Polish folk-music is rich in songs and dances, and Chopin 'early acquainted himself with their melodies. The forms known as mazurka and polonaise originated in Poland. Chopin's mazurkas are imitations of national dances, but are enlarged and greatly developed. By means of intricate harmony and varied treatment the common dance becomes one of the higher musical forms. Chopin wrote his mazurkas in a style distinctly his own; no other composer has so fully caught the spirit of this national dance. Their fascination largely lies in the frequent change of mood-some are cheerful, others sad and depressing-and the Polish temperament is discernible in all.
The polonaise is a stately march, or procession, rather than a dance. It originated at court and was a most brilliant spectacle, often led by the king and queen. This dance of high society has now declined and is rarely danced at the present time. Chopin's polonaises may be divided into two classes: (1) those that are heroic, almost military in character, as the one in A flat, and (2) those that are melancholy in tone, as the F sharp minor polonaise.
The scherzos and ballades are among Chopin's finest work. Hitherto the scherzo had been a movement of a sonata, but he applied the form to an independent piece for piano. The bal lades were probably suggested by Polish poems; he is undoubtedly at his best in his ballades, etudes, impromptus and fantasies. The nocturnes are not so difficult of execution as the other compositions and are consequently better known. They are, for the most part, rather dreamy and languishing in their general tone and are responsible for the prevailing opinion that Chopin was sad and of an unhealthy temperament. The preludes are sketches rather than pieces, but each is complete in its form. They are original and beautiful in their conception and deserve more attention than they commonly receive. Chopin wrote nothing of importance for the orchestra; it is evident that he did not care to undergo the training necessary for this field of composition, for his orchestration is thin and uninteresting. He understood the powers of the piano perfectly and developed them to their utmost.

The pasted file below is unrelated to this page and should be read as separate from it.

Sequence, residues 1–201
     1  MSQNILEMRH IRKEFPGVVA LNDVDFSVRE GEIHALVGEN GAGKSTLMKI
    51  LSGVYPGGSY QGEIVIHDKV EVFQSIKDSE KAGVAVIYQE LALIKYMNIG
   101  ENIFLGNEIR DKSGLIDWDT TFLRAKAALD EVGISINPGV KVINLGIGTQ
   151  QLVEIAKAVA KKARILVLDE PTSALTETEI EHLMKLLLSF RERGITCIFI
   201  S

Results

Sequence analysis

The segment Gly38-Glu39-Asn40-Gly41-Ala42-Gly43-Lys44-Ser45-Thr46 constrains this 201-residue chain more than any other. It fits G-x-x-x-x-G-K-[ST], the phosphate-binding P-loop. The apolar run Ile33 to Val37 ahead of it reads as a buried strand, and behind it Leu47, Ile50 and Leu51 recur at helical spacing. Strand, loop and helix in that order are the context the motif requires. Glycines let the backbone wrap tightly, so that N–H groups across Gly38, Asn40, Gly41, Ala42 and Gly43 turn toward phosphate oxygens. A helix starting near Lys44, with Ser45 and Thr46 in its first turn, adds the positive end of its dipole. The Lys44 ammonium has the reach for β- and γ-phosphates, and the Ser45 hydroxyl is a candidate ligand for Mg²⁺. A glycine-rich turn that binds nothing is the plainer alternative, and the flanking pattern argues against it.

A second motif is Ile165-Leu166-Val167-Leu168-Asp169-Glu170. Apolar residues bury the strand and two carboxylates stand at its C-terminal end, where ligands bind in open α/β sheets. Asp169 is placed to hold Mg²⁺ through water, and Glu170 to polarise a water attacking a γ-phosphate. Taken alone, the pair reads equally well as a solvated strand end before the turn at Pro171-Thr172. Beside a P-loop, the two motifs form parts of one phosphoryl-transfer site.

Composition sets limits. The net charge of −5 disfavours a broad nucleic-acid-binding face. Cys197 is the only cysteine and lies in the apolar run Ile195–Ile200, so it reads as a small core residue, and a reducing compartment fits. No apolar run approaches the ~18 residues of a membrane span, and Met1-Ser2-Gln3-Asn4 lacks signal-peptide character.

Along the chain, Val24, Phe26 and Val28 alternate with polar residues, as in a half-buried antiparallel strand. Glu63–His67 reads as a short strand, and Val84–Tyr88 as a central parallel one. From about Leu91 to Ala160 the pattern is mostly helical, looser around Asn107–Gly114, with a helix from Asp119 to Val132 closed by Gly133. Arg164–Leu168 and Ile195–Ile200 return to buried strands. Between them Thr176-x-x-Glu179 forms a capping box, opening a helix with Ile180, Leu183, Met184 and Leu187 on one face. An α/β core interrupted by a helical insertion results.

His last years were spent in great physical suffering and distress; his finances were at a low ebb and his final break with George Sand in 1847 added to his general unhappiness.